Walt Whitman on Self and Cosmos: “the visible suggestion of God in space and time … The Milky Way, as if some superhuman symphony, some ode of universal vagueness, disdaining syllable and sound—a flashing glance of Deity, address'd to the soul”WHITMAN, WALT
(English) Autograph Manuscript beginning “The Spirit’s Hour.”. n.p., 1882
This wonderful manuscript reflects Whitman’s mysticism, connecting self and the cosmos.
DAGUERRE ,LOUIS JACQUES MANDÉ
Ink and wash drawings of Jewish subjects and of musical instruments, Signed by Daguerre. “Dessiné le 12 Novembre 1822 LJM Daguerre.”, 1822
A series of twenty-four fine drawings on a sheet signed by L. J. M. Daguerre, the inventor of photography.
(English) Autograph letter signed to Reverend John McVickar of Columbia University. Monticello, 30 March 1826
Jefferson and the study of political economy: “No country on earth requires a sound intelligence of it more than ours …”
In this fine unpublished letter, written just months before his death, Jefferson observes that he no longer reads books as demanding as those on political economy, adding, “I rejoice nonetheless to see that it is beginning to be cultivated in our schools.”
(APOLLO 11.) Armstrong, Neil
(English) Photograph of Buzz Aldrin standing on the moon with the American flag and the lunar module, signed on the mount by all three crew members: Armstrong, Aldrin, and Collins and additionally inscribed “For Peggy and Bill Burden with Best Wishes from Apollo Eleven.”. NASA, July 20, 1969
This classic space photograph is signed by the crew of Apollo 11, the first manned mission to the Moon: Neil Armstrong (commander), Buzz Aldrin (lunar module pilot), and Michael Collins (command module pilot) and further inscribed to William A. M. and Peggy Burden. This famous Armstrong photograph of Aldrin, standing on the moon’s surface with the United States flag, is NASA AS11-40-5875.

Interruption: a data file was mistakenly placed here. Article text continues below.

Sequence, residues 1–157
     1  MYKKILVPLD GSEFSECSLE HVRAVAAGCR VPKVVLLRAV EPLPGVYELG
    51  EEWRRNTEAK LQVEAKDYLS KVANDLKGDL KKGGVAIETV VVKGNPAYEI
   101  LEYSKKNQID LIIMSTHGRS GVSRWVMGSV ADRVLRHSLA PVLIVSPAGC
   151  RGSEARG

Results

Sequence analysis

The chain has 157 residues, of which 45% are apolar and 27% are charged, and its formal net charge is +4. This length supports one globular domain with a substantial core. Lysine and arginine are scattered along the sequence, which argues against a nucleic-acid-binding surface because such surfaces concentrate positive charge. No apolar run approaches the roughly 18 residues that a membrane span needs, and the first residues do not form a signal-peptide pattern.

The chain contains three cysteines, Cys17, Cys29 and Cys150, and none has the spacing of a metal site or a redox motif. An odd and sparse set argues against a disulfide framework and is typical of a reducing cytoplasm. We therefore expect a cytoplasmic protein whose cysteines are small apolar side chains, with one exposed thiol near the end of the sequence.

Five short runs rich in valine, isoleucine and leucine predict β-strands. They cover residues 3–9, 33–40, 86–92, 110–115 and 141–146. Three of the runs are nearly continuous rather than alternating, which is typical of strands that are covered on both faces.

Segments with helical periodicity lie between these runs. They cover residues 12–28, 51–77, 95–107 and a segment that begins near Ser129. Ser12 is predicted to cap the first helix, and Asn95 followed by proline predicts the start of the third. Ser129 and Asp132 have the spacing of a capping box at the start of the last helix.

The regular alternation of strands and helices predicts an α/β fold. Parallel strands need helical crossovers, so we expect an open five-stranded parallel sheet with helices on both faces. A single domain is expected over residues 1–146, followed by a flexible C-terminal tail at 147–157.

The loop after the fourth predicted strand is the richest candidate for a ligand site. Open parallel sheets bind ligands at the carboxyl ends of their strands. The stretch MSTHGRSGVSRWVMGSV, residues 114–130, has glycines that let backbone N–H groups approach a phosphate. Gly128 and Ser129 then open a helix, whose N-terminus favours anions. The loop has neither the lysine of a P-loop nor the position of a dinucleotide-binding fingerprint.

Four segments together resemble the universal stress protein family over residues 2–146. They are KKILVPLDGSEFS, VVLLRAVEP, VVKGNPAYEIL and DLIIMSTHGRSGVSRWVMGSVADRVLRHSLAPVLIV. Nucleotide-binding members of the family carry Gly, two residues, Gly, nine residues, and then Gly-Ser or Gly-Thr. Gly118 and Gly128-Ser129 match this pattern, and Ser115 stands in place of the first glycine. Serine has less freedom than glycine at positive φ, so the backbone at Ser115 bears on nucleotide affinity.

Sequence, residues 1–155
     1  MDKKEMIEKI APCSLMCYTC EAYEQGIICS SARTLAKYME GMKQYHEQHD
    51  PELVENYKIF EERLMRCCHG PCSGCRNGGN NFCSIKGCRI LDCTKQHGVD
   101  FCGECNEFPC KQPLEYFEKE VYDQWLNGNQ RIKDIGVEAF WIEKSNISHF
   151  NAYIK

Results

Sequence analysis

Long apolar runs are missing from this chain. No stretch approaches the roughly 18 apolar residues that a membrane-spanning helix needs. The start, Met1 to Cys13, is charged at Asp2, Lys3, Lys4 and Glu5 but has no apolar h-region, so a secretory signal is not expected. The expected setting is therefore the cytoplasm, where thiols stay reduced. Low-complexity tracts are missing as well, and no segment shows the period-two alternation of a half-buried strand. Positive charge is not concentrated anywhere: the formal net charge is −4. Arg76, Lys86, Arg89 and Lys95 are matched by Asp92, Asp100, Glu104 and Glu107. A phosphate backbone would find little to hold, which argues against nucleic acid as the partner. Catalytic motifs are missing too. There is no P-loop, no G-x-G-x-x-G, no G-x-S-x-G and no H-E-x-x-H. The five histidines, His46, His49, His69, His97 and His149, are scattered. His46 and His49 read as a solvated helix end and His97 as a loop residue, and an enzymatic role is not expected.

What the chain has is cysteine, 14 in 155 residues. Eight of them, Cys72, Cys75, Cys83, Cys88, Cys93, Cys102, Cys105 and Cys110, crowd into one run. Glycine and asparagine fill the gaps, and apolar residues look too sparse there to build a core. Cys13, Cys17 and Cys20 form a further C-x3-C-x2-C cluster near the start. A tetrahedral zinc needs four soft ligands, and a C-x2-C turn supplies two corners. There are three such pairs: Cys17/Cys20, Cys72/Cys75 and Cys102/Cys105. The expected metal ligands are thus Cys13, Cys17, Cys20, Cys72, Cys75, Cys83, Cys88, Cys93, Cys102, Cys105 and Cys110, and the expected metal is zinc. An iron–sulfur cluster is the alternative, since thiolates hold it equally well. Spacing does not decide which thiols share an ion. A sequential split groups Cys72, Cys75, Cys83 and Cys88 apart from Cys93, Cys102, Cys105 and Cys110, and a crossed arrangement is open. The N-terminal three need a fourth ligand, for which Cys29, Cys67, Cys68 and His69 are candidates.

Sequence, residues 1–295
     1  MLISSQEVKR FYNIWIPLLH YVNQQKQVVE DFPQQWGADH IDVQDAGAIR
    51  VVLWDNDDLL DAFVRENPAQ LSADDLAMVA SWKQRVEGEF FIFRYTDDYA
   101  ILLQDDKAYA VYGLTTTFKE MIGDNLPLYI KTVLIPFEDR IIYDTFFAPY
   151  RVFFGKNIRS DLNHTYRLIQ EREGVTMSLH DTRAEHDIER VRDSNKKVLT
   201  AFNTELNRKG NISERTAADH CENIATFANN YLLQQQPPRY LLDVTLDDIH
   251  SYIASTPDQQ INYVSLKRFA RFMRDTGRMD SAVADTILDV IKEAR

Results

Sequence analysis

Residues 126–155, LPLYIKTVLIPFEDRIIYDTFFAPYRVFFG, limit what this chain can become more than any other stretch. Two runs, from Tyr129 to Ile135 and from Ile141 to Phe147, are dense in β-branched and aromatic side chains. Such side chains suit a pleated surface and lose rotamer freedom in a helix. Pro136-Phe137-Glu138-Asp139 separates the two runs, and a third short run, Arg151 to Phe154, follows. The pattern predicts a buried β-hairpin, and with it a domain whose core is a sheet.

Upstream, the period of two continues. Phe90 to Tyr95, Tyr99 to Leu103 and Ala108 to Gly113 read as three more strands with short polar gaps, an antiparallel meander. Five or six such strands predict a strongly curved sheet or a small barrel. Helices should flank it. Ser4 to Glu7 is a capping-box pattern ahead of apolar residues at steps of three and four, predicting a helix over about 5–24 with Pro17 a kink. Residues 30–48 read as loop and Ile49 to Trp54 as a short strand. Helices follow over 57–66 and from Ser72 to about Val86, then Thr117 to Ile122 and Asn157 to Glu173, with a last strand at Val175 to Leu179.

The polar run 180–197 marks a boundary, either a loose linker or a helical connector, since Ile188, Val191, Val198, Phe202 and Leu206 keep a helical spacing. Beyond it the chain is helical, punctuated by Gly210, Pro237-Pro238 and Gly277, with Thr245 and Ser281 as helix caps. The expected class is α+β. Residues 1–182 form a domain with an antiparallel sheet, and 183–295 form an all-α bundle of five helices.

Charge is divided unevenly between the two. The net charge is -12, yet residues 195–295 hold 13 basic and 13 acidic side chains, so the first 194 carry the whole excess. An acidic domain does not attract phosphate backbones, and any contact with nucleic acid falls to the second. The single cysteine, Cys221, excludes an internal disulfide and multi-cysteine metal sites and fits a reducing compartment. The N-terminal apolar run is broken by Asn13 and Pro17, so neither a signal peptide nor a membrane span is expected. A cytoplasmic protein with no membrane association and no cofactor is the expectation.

(English) Autograph Letter Signed [to Henry Denny]. Down, Kent, June 1, 
VERY EARLY DARWIN INVESTIGATION OF THE RACES OF MAN. In 1834 Darwin heard that head lice vary among the races of man while on the voyage of the Beagle. In his Beagle zoological diary he wrote, “Mr Martial, a surgeon of an English Whaler assures me that the Lice of the Sandwich Islanders … if they strayed to the bodies of the English in 3 or 4 days died … If these facts were verified their interest would be great.— Man springing from one stock according his varieties having different species of parasites.— It leads one into many reflections.” Intrigued by the implications of this observation, Darwin began collecting specimens for further research.
Neil Armstrong on the Cancellation of the Moon Stamp On Board the Apollo XI CSM Returning From the MoonARMSTRONG ,NEIL
(English) Typed letter signed to Dr. Joseph F. Rorke.. Houston, NASA, 15 January 1970.
In this historic letter Armstrong details the history of the Apollo XI in-flight cancellation of the “First Man on the Moon” stamp and of the die famously carried to the moon by Armstrong, Aldrin, and Collins
(English) Scientific manuscript of a course of studies at Collège de la Trinité, Lyon. Lyon, 1660s
This fascinating 17th-century scientific manuscript documents the state of scientific knowledge and education in France in the years following Galileo’s trial and the Church’s prohibition of Copernican theory.
(South.) Lalouette, Antoine Prudence (1777-1855)
(English) An important manuscript collection including 16 long, closely written letters written from Alabama. Alabama, New Orleans, Paris, and elsewhere, mainly 1821-1823
This tremendous manuscript collection documents in great detail a pioneering French settler’s ambitious struggles to establish a home in the new state of Alabama in the early 1820s.
“I believe the high value of well-bred males is due to their transmitting their good qualities to a far greater number of offspring than can the female.”DARWIN, CHARLES
(English) Autograph Letter Signed to Lawson Tait. Down, 17 January 
CHARLES DARWIN ON SEXUALITY AND THE TRANSMISSION OF HEREDITARY CHARACTERISTICS.
(English) The Life of Franklin Pierce. Boston: Ticknor, Reed and Fields, 1852
FIRST EDITION. AN ASSOCIATION COPY OF THE GREATEST INTEREST, inscribed and signed by the subject of the book, President-elect Franklin Pierce, lifelong friend of the author. Pierce has inscribed the book to the Ohio newspaper publisher Washington McLean: “For Washington McLean from Frank. Pierce Concord N.H. Feby. 5. 1853.”